• 4/23 – As part of negotiations on 3.5, the Administration made commitments on how the next $60 billion in the health relief fund will be distributed. HHS has committed that it will send out an additional $60 billion dollars in the coming weeks, much of it coming within the next 10 days.
  • 4/23 – As part of negotiations on 3.5, the Administration made commitments on changes to Medicare advance payment policies. The administration committed that, by the end of this week, Secretary Mnuchin and Chief of Staff Meadows will release a letter stating that they will:
    • Use their administrative authority to reduce the interest rate down from what is currently 10.25 percent to a rate that is more in line with a traditional federal interest rate.
    • Use their administrative authority to extend the repayment period beyond 12 months.
    • Work with Congress and support legislation in Corona 4 that will place the liability for these payments in Treasury’s General Revenue fund, rather than the Medicare Hospital Insurance and Supplemental Medical Insurance Trust Funds. The expansion of these programs must not adversely affect Medicare’s solvency or result in premium increases for seniors.
  • 4/22 – CARES Act Provider Relief Fund overview here. State by state breakdown of first payment here.
  • 4/9 – Secretary DeVos indicated that she would be moving to "immediately distribute" the $6 billion in CARES for emergency financial aid grants to college students. The grants can be used by college students for technology, course materials, food, housing, and healthcare. DeVos distributed the funding to colleges, which are meant to then distribute the aid among students. See here for the specific allocations for each college.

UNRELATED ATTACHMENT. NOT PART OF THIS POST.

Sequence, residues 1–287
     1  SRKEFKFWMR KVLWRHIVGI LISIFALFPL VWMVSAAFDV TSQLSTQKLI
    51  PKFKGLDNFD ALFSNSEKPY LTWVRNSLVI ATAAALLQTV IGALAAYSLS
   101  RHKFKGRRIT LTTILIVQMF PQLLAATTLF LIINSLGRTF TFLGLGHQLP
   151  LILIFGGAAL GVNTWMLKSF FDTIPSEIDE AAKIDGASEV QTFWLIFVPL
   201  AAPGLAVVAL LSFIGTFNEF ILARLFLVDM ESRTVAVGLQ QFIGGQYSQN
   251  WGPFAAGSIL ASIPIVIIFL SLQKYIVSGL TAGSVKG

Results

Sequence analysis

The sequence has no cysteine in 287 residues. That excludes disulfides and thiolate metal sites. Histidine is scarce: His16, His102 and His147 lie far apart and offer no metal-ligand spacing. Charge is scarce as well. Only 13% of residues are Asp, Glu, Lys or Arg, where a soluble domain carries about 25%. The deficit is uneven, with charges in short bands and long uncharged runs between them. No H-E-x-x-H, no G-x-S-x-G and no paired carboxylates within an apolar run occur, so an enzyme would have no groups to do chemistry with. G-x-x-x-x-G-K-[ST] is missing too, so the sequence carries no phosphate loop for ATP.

Individual and Business Tax Relief
  • IRS guidance on deferral of payroll taxes here
  • House Ways and Means factsheet on Economic Impact Rebate portal here
  • IRS’s FAQ page on individual economic relief here
  • Treasury Guidance on Employee Retention Tax Credit here
  • Treasury FAQ on Employee Retention Tax Credit here (updated 4/29)
Economic Stabilization
  • 4/30 – Transportation Secretary Elaine Chao announced the FAA will begin awarding the AIP and other discretionary grants funding through the CARES Act. Press release here. Complete list of grants here. Map of airports receiving funding here.
  • 4/10 – Treasury Q&A on Loans to Air Carriers and Eligible Businesses and National Security Businesses here. Loan application here.
  • 3/30 – The Treasury Department released guidance on payroll support to airline industry employees, and on loans to the airline industry and businesses critical to national security. Guidance for payroll support here. Guidance on procedures and minimum requirements for loans here. Treasury press release here.